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California Briefing / SANTA ANA

Bid by Carona's ex-lover denied

July 26, 2008|Christine Hanley

A judge denied a motion Friday by the onetime mistress of former Sheriff Michael S. Carona to disqualify the two prosecutors handling a corruption case against her and Carona.

In his ruling, U.S. District Judge Andrew J. Guilford found that Debra Hoffman's allegations of prosecutorial misconduct did not "rise to a level warranting" removal of the federal attorneys.

Guilford also ordered prosecutors to provide him with documents that explain why they were not included in a mass recusal of about 250 colleagues from the U.S. attorney's offices in Los Angeles and Santa Ana.

Assistant U.S. Attys. Kenneth Julian and Brett Sagel, who report directly to the Justice Department's Public Integrity Section, had offered to provide Guilford with the documents to allay lingering concerns about the recusal issue.

Hoffman's federal public defender, Sylvia Torres-Guillen, argued in court this week that the officewide recusal was put into effect because of relationships between Carona and two chief U.S. attorneys.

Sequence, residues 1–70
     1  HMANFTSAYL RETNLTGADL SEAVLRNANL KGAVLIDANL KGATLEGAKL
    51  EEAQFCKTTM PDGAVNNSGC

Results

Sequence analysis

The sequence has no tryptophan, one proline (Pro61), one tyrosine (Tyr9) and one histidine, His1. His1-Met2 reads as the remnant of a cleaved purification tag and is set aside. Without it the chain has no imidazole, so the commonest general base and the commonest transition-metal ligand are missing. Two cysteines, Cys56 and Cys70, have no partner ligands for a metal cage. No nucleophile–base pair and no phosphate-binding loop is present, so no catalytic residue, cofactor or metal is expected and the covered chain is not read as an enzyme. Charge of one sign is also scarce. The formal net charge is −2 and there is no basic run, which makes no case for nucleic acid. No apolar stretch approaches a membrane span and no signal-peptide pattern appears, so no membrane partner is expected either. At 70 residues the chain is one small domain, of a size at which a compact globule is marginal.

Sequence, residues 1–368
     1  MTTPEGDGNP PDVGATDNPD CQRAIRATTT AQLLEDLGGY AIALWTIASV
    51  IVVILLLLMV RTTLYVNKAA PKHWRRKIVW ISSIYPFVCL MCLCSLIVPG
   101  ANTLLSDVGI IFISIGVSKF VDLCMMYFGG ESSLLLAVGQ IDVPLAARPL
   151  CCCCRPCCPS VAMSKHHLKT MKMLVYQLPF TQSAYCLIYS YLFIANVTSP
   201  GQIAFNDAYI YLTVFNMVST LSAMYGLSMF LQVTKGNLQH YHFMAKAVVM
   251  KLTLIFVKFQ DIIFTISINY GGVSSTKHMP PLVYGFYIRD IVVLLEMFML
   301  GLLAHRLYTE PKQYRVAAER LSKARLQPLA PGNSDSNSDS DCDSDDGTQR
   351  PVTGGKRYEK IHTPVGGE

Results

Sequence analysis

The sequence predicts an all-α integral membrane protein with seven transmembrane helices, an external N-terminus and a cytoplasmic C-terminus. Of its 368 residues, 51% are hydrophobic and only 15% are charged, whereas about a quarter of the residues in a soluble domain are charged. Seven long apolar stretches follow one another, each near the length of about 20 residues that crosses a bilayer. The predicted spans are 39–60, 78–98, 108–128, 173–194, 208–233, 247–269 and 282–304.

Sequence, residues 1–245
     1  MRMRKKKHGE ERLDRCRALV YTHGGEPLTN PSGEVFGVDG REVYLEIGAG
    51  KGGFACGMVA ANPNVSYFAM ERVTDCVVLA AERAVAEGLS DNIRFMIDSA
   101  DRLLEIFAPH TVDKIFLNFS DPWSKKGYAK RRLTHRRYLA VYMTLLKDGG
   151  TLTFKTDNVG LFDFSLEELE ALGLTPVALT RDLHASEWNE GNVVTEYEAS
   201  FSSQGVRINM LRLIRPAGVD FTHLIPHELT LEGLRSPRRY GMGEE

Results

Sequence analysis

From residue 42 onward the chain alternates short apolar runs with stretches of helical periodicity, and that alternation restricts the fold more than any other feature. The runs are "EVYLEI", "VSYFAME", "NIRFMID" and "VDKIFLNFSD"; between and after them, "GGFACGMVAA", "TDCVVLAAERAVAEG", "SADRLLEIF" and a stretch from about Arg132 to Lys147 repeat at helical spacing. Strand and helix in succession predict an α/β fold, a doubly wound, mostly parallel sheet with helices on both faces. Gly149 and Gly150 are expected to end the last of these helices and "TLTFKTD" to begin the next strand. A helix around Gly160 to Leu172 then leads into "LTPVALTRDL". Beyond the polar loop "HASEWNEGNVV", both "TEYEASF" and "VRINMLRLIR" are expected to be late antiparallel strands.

Torres-Guillen said a government informant had alleged that Carona had had an affair with Debra W. Yang, the former U.S. attorney for Los Angeles, and that Wayne Gross, then the assistant U.S. attorney in charge of the Santa Ana office, had asked Carona for a recommendation for a judgeship.

Yang has dismissed the allegation, and lawyers on all sides of the case agree it is untrue. Gross, now in private practice, has maintained that he removed himself from the case at the start of the Carona investigation. But prosecutors acknowledged that the allegations helped create an appearance of a conflict that had to be avoided.

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